5. China Abroad: Travels, Subjects, Spaces, ed. Elaine Yee Lin Ho and Julia Kuehn (Hong Kong: Hong Kong University Press, 2009), Colleen Lye analyzes how the Sino-Japanese War constitutes an important part of that larger canvas of twentieth-century history within which China, Japan, and the United States find themselves embroiled in major military conflicts. Strategies of self- and racial representation in both Chinese American and Japanese American literary production are influenced by the unfolding of historical events involving the United States’ political engagement with both Republican China and Communist China, with both imperialistic and militarily defeated Japan. World War II helped give shape to “the rhetorical protocols of the claiming of Asian American identity” (166).Google Scholar
  6. 8.
    Amy Tan, The Kitchen God’s Wife (New York: Penguin, 1991), 166. All subsequent references to the text are to this edition and will be cited as KGW.Google Scholar
  7. 9.
    Charles Hill, Grand Strategies: Literature, Statecraft, and World Order (New Haven, CT: Yale University Press, 2010), 232–52.Google Scholar
  8. 10.
    Bella Adams, “Representing History in Amy Tan’s The Kitchen God’s Wife,” MELUS 28, no. 2 (2003): 9–30.CrossRefGoogle Scholar
  9. 12.
    Theresa Hak Kyung Cha, Dictee (Berkeley: University of California Press, 2001).Google Scholar
  10. 13.
    Sau-ling Cynthia Wong, “‘Sugar Sisterhood’: Situating the Amy Tan Phenomenon,” in Amy Tan’s “The Joy Luck Club”: Modern Critical Interpretations, ed. Harold Bloom, 83–110 (New York: Chelsea House, 2002), 94.Google Scholar
  11. 14.
    Amy Tan, The Bonesetter’s Daughter (London: Flamingo, 2001), 235. All subsequent references to the text are to this edition and will be cited as BD.Google Scholar
  12. 16.
    Douglas Kerr, Eastern Figures: Orient and Empire in British Writing (Hong Kong: Hong Kong University Press, 2008), 159.CrossRefGoogle Scholar
  13. 17.
    Amy Tan, The Opposite of Fate (London: Harper Perennial, 2003), 305, 209. All subsequent references to the text are to this edition and will be cited as OF.Google Scholar
  14. 19.
    Langston Hughes, Autobiography: I Wonder as I Wander, in The Collected Poems of The Collected Works of Langston Hughes, ed. Joseph McLaren, 16 vols. (Columbia: University of Missouri Press, 2001–04), 14:248–49.Google Scholar
  15. 21.
    Lisa See, Shanghai Girls (London: Bloomsbury, 2009), 22. All subsequent references to the text are to this edition and will be cited as SG. 22. For readings of the historical and cultural significance of inscriptions of the experience of would-be migrants on the walls of the detainment center in Angel Island, seeGoogle Scholar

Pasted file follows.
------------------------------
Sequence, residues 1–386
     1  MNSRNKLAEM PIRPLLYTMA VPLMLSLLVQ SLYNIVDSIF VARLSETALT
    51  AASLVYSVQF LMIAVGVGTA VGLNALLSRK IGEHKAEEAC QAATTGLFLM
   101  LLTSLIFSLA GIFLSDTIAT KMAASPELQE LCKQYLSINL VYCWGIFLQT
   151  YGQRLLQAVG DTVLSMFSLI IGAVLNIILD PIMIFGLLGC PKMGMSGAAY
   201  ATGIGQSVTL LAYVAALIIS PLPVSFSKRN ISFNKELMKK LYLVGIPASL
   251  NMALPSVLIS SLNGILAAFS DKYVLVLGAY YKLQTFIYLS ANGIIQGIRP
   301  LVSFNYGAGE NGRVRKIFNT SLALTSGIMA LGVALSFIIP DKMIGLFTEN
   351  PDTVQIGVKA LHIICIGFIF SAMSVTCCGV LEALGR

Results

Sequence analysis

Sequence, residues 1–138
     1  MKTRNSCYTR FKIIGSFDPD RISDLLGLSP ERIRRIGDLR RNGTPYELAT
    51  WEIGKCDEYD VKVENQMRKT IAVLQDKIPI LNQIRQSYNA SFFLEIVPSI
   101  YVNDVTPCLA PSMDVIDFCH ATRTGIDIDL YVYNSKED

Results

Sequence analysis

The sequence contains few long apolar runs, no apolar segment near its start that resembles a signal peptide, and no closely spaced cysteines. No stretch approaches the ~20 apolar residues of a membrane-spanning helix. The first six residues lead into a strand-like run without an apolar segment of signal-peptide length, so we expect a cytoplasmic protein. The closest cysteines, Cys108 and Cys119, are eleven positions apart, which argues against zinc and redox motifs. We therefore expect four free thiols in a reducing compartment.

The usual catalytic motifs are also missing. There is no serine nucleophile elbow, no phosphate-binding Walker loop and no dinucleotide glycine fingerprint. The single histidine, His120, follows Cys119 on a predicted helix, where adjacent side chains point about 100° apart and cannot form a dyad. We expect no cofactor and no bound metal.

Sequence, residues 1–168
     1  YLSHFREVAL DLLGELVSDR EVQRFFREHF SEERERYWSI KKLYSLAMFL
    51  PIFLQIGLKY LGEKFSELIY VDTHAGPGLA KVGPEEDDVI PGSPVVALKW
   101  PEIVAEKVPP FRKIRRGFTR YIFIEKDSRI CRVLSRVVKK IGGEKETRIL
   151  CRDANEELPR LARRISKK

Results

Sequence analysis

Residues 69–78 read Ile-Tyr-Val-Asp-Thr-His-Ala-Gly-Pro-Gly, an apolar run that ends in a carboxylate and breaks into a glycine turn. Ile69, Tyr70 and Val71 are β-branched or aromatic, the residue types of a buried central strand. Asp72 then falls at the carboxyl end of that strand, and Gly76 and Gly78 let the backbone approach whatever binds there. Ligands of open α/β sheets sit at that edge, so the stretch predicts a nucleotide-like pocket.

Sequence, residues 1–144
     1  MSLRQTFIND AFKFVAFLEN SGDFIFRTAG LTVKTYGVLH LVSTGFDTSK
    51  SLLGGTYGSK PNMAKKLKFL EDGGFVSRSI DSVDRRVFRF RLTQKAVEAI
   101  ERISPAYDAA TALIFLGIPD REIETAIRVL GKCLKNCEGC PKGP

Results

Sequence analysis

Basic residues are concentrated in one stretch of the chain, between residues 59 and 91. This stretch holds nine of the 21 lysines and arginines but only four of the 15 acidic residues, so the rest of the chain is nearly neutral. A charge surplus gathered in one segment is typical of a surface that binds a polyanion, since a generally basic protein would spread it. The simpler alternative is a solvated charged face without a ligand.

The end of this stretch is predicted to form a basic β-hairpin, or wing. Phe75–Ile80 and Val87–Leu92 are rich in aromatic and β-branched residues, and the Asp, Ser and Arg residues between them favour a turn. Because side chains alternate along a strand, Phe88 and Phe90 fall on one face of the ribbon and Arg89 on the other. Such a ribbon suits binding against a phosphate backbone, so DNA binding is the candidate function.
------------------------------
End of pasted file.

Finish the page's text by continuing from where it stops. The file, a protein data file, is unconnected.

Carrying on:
16. Steven G. Yao, “Transplantation and Modernity: The Chinese/American Poems of Angel Island,” in Sinographies: Writing China, ed. Eric Hayot, Steven G. Yao, and Haun Saussy, 300–329 (Minneapolis: University of Minnesota Press, 2008);Google Scholar
  17. Steven G. Yao, Foreign Accents: Chinese American Verse from Exclusion to Postethnicity (Oxford: Oxford University Press, 2010), 63–93; and alsoCrossRefGoogle Scholar
  18. Yunte Huang, Transpacific Imaginations: History, Literature, Counterpoetics (Cambridge, MA: Harvard University Press, 2008), 101–15.Google Scholar
  19. 23.
    King-Kok Cheung, “Art, Spirituality, and the Ethic of Care: Alternative Masculinities in Chinese American Literature” in Masculinity Studies and Feminist Theory: New Directions, ed. Judith Kegan Gardiner, 261–89. (New York: Columbia University Press, 2002).Google Scholar
  20. 24.
    For an important study of how the history and legal enactments of US immigration exclusion acts significantly shaped and informed Asian American social and cultural identity with all its complex contradictions, see Lisa Lowe, Immigrant Acts: On Asian American Cultural Politics (Durham, NC: Duke University Press, 1996).Google Scholar
  21. 25.
    Maxine Hong Kingston, China Men (London: Picador, 1977), 155. All subsequent references to the text are to this edition and will be cited as CM.Google Scholar
  22. 26.
    Amy Tan, The Joy Luck Club (London: Minerva, 1989), 289. All subsequent references to the text are to this edition and will be cited as JLC.Google Scholar
  23. 27.
    David Leiwei Li, Imagining the Nation: Asian American Literature and Cultural Consent (Stanford, CA: Stanford University Press, 1998), 116.Google Scholar
  24. 29.
    Lisa See, Dreams of Joy (London: Bloomsbury, 2011), 349. All subsequent references to the text are to this edition and will be cited as DJ.Google Scholar

Copyright information

© Walter S. H. Lim 2013

Authors and Affiliations

  • Walter S. H. Lim

There are no affiliations available

Personalised recommendations